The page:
“Simple sign-up is free and takes less than a minute” is translated to “Simple signs vs. one minute is freedom also adopts less.”

“Trip must be handicapped accessible” is translated to “Handicap traveling is definitely something easy to approach”

“MBTA Home (Home page)” -> “MBTA Family”

“Rider Tools” -> “Carman’s Tools”

BR said...

Here's my thought ... why doesn't Airport station have automatic doors? You know, the kind that open with a sensor? So many people going through there have bags and suitcases, and while the gates are an improvement over turnstiles (for this station at least), I still have to shove my way through the unwieldy doors. Which, I'm not sure, but I think are hinged oh-so-inconveniently not on the ends, but somewhere in the middle of the door.

Nawth Shaw said...

To determine card balance, you don't need to go all the way to the "Card Info" page (the existence of which, quite frankly, had eluded me). Just tap your card, and your balance will appear in the upper-righthand corner of the display screen; if it's sufficient for your purposes, hit "Cancel," and walk away.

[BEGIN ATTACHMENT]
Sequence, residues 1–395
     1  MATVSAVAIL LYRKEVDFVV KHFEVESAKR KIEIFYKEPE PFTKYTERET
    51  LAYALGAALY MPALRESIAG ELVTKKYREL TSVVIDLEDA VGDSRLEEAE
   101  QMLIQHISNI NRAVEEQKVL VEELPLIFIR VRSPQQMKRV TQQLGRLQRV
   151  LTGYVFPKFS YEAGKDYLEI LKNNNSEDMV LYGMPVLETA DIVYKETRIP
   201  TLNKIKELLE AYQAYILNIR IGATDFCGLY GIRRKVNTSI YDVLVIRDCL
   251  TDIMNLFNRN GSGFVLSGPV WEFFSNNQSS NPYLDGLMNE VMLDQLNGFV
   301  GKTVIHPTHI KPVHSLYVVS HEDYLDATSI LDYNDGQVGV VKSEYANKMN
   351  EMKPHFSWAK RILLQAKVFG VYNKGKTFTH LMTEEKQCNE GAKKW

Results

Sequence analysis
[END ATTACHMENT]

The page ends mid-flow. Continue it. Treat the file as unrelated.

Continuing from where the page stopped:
Fenway said...

Nawth Shaw said...
To determine card balance, you don't need to go all the way to the "Card Info" page (the existence of which, quite frankly, had eluded me). Just tap your card, and your balance will appear in the upper-righthand corner of the display screen; if it's sufficient for your purposes, hit "Cancel," and walk away.


LOL having found the card-info page I never noticed what you mentioned.

The Card-Info section does tell you how much is on the card, if you have a pass and if you have a valid transfer.

Fenway said...

another e-mail comment from Maureen and it is a good one

Wouldn’t it be great to have a pre-existing slot on the Cards to attach a lanyard or put it on your keychain.

Katie said...

I know this is quite late for this post, but I really didn't think about Charlie while I was back home on winter break, and am only now just catching up on the action..

I figured out back in whenever-it-was that they put the faregates in at Boylston, going to and from school (Emerson) that I walk through with my hand out in front of me and put it in front of the sensor on the right side right next to the glass, and by the time it sees my hand I don't have to slow down or dead-stop in front of the glass. I just hope I don't eventually lose a hand to the damn things.